Today ICANN voted to change the way we visit websites, they have pretty much allowed for any word to be a generic top-level domain (gTLD) starting in 2012. What is a g? You may know them as .com, .net, .org and .edu. There are currently 22 top level g’s.
So what does this really mean? Well when you visit us for example. If we chose to we could have a g of .geeks. So you could type “http://hardware.geeks” and navigate to us as if you visited http://hardwaregeeks.com.
While that sounds cool I don’t really think its practical, it’s going to cause a lot of confusion even if people are made aware of the change. I personally think the current g’s will rule for a long long time and “.com” won’t be going anywhere. However I do believe companies will snag up a personalized g and we here at HardwareGeeks.com may even snag one up as well, but I don’t expect companies to tell you to visit “http://hp.hp” (Hewlett Packard) or “http://amd.amd” (Advanced Micro Devices).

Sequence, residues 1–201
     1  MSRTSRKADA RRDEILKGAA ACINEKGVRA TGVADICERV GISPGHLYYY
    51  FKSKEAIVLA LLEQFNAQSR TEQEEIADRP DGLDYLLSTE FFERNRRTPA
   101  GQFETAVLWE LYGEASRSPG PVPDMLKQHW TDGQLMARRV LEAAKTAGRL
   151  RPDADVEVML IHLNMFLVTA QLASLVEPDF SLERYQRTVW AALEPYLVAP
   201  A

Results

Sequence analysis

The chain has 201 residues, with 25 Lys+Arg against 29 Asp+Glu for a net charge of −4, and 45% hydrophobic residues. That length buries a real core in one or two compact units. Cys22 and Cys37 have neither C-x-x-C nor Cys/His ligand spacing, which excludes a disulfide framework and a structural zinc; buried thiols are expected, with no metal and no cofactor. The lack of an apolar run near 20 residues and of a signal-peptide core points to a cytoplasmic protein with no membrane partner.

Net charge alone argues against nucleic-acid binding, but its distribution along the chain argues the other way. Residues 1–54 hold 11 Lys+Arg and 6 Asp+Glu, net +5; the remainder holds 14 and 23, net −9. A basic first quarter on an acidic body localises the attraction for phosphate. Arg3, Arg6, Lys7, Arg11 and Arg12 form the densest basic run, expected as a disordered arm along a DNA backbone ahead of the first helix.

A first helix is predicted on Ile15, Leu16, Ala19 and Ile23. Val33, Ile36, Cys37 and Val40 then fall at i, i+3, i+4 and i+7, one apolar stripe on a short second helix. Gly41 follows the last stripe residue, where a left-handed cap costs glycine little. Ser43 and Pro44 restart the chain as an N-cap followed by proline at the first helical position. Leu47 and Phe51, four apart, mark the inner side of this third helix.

I think the perfect use for these personalized top-level domains would be for reassuring a customer that they are on your site. For example banks could use the personalized TLD to let users know that they are logged in and browsing securely. For example: “Bank.com” when you are not logged in, and “Bank.Bank” when you are logged in and viewing your accounts. Or it can also be used to confirm a link belongs to a particular government agency or corporate entity, might help limit fraud and phishing attacks.
I believe .com, .net, .org, .edu and the other g’s will rule for many many more years to come, and while I see a use for open domains, I just don’t see people visiting company.trademark or company.company. Now if we didn’t need to enter a g and could visit a corporate website by simply typing in “companyname” into our browser then I’d consider this huge news, but in my opinion this is more of a money grab by ICANN than a actual benefit to end users.